Hundreds of friends, neighbors and family members gathered to remember slain Hercules resident Susie Ko in a candlelight vigil Monday night.
Ko, 55, was found dead in her Ash Court home Friday as a result of an apparent homicide. Hercules police have not identified any crime suspects or a motive.
At her vigil, Ko was described as a kind and generous woman who loved to cook, eat and garden, and who pushed the people around her to do their very best.
“My sister was a simple person who did what she loved to do – church, community (service),” Ko’s younger brother Danny Tang said to a crowd of mourners.
Tang gulped back tears as he spoke about his family’s emigration from China to the United States in 1967. He said his parents worked tirelessly when he and Ko were growing up. During that time, Ko acted as a mother figure to her siblings. “My sister was more than a sister…she was there to make sure we did our homework and our chores,” Tang said.
Ko's impact on her community was evident in the number of people who attended the vigil – in the dozens of loving notes written on colorful paper bags illuminated by candles and the growing mountain of flower bouquets placed outside her taped-off home.
Ko's nephew said his aunt "was like a second mother" who inspired him to have a solid work ethic.
Briana Mager grew up in the house next door to Ko. Her grandparents vacationed with Ko and her husband. Mager said her most vivid memories of Ko are of her gardening. She said learning of her former neighbor's murder was "shocking and surreal."
At its peak, the vigil held about 500 people, said Hercules police public information Officer Connie Van Putten, who stood at the back of the vigil, overseeing a crowd that seemed to swell and shrink throughout the night.
Nearly 30 years ago, Ko was one of the first residents to move onto Ash Court, a sleepy part of the sleepy bedroom community of Hercules. Van Putten said the police had never been called to Ko’s or any other Ash Court home in recent memory.
The cul-de-sac street was generally peaceful until Friday at about 10:45 p.m., when Ko’s lifeless body was found in her two-story house by a neighbor. The neighbor visited the home as a favor to Ko’s husband, Kelvin, who at the time, said he was worried about his wife. Kelvin had been waiting at the airport for her to pick him up. He called, but she didn't answer.
The neighbor noticed that the side gate to Ko’s home was open, which was unusual, Van Putten said. When the neighbor looked through a window on the side of the house, she spotted Ko – she was lying in a pool of blood with apparent blunt force trauma to the head. According to a coroner’s report on Monday, Ko’s body also had at least one stab wound.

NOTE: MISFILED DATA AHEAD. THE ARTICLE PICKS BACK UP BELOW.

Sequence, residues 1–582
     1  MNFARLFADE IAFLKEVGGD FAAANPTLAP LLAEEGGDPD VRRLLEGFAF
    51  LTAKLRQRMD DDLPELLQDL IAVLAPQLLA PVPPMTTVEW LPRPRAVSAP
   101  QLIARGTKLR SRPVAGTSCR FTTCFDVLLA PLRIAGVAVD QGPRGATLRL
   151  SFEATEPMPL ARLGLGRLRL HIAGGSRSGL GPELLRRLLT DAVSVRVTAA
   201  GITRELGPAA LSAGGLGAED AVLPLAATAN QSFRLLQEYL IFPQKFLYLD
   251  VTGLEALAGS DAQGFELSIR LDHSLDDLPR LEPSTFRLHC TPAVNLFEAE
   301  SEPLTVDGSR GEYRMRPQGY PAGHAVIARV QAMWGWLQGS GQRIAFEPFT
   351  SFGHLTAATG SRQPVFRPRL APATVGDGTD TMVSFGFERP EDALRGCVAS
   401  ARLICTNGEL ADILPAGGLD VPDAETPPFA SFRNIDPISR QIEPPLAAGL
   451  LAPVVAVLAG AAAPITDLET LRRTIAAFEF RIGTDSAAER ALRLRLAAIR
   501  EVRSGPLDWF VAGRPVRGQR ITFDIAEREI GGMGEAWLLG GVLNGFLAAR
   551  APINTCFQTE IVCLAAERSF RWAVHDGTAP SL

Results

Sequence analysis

Ko’s 2011 sky blue Subaru Outback was missing, but it wasn’t apparent that anything else was taken from the house, which would indicate a home-break-in-gone-awry, the night of the murder, Van Putten said.
Police interviewed neighbors shortly after Ko was discovered, but no one reported seeing or hearing anything suspicious the night of the crime, Van Putten said. No one noticed the Outback being driven away, either.
“Everybody’s upset and traumatized,” which can cause them to blank out on details of a crime, said Van Putten, adding that police plan to re-interview possible witnesses.
Van Putten said that the modestly sized Hercules Police Department has done its best to catch Ko’s murder(s), but it has needed some help. The department invited the Federal Bureau of Investigation to aid in the investigation of Ko’s death.
“We don’t handle too many homicides here” in Hercules, Van Putten said. In the past 11 years, the city has had five murders.
“(The FBI) collected some items that might be of some evidential value,” Van Putten said. She did not say what the items were.
As a next step, Van Putten said Hercules police would walk Kelvin Ko through the house in an attempt to have him identify any missing items or other clues. Ko’s home has been blocked off to anyone not working on the investigation.
Van Putten said police are asking citizens to be on the lookout for Ko’s Outback, which hasn’t been located. The vehicle’s Idaho license plate could have been removed, so police are urging citizens to report any suspicious, or out of place, 2011 sky blue Subaru Outbacks regardless of the license plate information.
Van Putten said her hope is to bring justice to Ko’s loved ones. “We can’t bring her back, but hopefully we can bring some resolution,” Van Putten said.